Note: Agricultural Vinegar (20% acidity), as opposed to household vinegar (5% acidity), works much better and quicker .

While I hate weeds in my garden as much as the next guy or gal, using chemicals injures more than the weeds. The bees, worms, and beneficial bugs and microorganisms are harmed by them too. (not to mention, they are not very good for us either.)

Learning How To Control And Manage Your Garden Weeds.

If you are checking your garden every day or two, it’s really not a big chore to pull a weed or two. If you pull them when they are small, it’s easy peasy.

One thing to note. Plants need light to grow, so covering them with any material that blocks out that light will cause them to die.

At the end of the season, your garden should be cleaned and mulched so she is not left bare all winter. This will ensure fewer weeds and healthier soil, not to mention a garden that is ready for planting, come spring.

Using chemicals to get rid of weeds can throw off your whole soil structure. There are a few classes of herbicides that actually poison the soil and will not let wide-leaved plants (like beans and tomatoes) grow in that soil for years if not decades.

Here’s to a wonderful season in the garden!

6) Vinegar – Plants don’t like vinegar. You can put vinegar into a spray bottle and using a dog cone to isolate the weed you wish to get rid of, spray just the weed. The vinegar will kill it clear down to the root, though you may need to reapply to kill the very strong and persistent weeds. Make sure it doesn’t get on your prize tomato plant though as it doesn’t discriminate between the plants you like and the plants you don’t.

No More Weeds – Naturally.

Every square inch of your garden contains weed seeds, but only those in the top inch or two of soil get enough light to trigger germination. Digging and cultivating brings hidden weed seeds to the surface.

Actually, weeds perform many jobs. They prevent erosion, keep topsoil from blowing away, pull nutrients from deep in the soil depositing them on top of the soil when they die, and keep the soil microorganisms moist and cool.

Let Me Count The Ways To Organic Weed Control In Your Vegetable Garden:

2) Mulch – Straw, hay, wood chips, grass clippings, leaves, and pine needles. Make sure you put down a nice thick layer. This helps keep away weeds, moderates temperatures, holds in moisture, limits evaporation, and reduces splash on plant leaves keeping them cleaner and reducing fungi. As a bonus mulch naturally composts in place putting humus back into the soil.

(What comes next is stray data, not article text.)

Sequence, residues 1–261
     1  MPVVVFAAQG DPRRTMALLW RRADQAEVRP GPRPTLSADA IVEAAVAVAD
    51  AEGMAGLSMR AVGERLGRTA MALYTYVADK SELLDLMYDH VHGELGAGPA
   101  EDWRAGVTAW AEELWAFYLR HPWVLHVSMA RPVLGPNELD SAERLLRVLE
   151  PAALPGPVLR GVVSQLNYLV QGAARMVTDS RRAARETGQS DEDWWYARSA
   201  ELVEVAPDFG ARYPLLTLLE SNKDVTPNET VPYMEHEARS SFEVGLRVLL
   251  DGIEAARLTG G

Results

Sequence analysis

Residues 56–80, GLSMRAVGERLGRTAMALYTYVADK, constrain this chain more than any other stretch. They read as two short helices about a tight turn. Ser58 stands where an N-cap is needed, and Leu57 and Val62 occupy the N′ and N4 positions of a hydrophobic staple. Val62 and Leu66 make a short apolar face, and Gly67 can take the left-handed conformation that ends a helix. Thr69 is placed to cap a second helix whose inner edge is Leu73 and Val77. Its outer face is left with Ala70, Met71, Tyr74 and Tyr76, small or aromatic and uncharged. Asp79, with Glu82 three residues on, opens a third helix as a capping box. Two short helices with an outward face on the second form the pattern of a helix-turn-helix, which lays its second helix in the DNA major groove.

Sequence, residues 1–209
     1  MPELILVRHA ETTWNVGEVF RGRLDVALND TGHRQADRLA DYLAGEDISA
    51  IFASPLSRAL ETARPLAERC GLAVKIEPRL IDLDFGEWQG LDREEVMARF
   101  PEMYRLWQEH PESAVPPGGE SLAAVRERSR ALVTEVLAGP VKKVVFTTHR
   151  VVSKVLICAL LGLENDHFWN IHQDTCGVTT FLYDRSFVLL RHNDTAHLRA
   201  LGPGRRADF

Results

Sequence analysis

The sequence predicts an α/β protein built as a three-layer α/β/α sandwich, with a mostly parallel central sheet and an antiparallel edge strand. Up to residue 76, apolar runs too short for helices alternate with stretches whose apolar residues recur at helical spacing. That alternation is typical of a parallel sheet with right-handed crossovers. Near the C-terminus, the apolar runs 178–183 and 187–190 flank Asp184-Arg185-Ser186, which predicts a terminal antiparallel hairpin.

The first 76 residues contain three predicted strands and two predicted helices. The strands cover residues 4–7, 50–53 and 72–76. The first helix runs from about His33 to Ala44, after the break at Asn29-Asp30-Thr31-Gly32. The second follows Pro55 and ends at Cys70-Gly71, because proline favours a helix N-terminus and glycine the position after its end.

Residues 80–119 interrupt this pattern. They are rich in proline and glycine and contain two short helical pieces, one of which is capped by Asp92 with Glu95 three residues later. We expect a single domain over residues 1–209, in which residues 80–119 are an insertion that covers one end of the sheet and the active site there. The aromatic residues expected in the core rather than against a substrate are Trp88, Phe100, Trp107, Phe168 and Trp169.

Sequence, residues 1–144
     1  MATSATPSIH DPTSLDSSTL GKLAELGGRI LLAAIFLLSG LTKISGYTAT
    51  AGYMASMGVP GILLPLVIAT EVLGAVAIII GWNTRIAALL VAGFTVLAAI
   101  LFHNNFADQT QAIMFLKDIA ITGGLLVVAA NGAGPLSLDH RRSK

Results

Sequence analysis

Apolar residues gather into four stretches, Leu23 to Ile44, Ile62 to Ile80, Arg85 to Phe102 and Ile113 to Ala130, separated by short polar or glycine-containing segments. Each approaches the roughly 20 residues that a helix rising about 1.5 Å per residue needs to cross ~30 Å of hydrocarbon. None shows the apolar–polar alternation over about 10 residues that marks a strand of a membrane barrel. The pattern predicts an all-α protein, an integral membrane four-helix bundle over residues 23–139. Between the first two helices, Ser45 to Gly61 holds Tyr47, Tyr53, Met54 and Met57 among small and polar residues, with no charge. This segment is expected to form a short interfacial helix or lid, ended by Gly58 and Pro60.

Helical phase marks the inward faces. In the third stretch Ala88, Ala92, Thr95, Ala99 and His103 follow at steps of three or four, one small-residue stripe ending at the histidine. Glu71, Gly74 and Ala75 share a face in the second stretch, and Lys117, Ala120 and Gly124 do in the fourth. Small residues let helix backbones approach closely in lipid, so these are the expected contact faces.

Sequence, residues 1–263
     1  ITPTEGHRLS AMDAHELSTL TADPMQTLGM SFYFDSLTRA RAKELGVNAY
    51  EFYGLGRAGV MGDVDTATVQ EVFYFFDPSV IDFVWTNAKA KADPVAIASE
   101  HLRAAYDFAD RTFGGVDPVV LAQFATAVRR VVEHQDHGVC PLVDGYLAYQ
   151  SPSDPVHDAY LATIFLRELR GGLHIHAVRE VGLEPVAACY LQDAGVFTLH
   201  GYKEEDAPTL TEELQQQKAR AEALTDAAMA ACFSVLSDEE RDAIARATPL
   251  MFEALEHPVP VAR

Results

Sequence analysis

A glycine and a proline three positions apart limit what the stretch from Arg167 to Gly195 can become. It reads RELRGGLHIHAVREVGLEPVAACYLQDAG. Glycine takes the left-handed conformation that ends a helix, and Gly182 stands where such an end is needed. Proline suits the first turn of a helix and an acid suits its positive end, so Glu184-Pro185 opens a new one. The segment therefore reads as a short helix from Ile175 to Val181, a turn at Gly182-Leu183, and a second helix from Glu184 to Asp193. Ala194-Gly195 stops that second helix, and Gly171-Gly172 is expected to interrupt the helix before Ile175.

What Are Weeds?

So if you want to grow your own plants and don’t want weeds doing their job in your garden, you have to learn to do their job for them.

8) Fire – We all know fire kills plants. But what if you could target just the plants you wanted to kill. A propane torch is a great way to place the fire right where you need it. And Red Dragon flame weeder has a nozzle that makes it easy to use without bending over at all. It makes quick easy work of even the biggest garden.

Many weeds are great to eat while they are young such as dandelions, plantain, yellow dock, violet, wood sorrel, lambs quarters, chickweed & purslane. Make sure you check a reliable source such as this book Edible Wild Plants to make sure they are safe to eat.

A cover crop is just a plant you grow that you don’t plan on harvesting. You can cut it off and let it lay right there, as a mulch, on your garden bed, or till it under so it can decompose and feed your soil.

And if that doesn’t work completely and you find a few weeds…..

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This article was co-authored by Andrew Carberry, MPH. Andrew Carberry has been working in food systems since 2008. He has a Masters in Public Health Nutrition and Public Health Planning and Administration from the University of Tennessee-Knoxville.

A weed is any plant that poses a threat or is a nuisance. Weeds can grow in lawns, fields, gardens or any outdoor area. Typically invasive, weeds rob vegetable plants of resources needed for growth, including nutrients, water and sunlight. Weeds also host pathogens that can infect a garden with vegetative diseases. While there is no way to permanently eliminate weeds without killing your vegetables, there are many strategies you can use to minimize weed growth.

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Weeds can be frustrating when they start taking over your garden, but fortunately there are simple ways to keep them out. Whenever you notice weeds emerging, use a stirrup hoe or rake to disturb the soil around their roots. This will make them dry up and die. You can also lay an organic mulch, like dead leaves, straw, or grass clippings, on top of your soil, to suffocate the weeds. Just make sure you leave the areas around your plants bare. Another option is to apply a pre-emergent herbicide to the soil to kill the weeds as they grow. However, herbicides can also harm other plants so choose one that won’t damage the plants you want to keep. For more tips from our Agricultural co-author, including how to build a raised garden bed to keep weeds away, read on!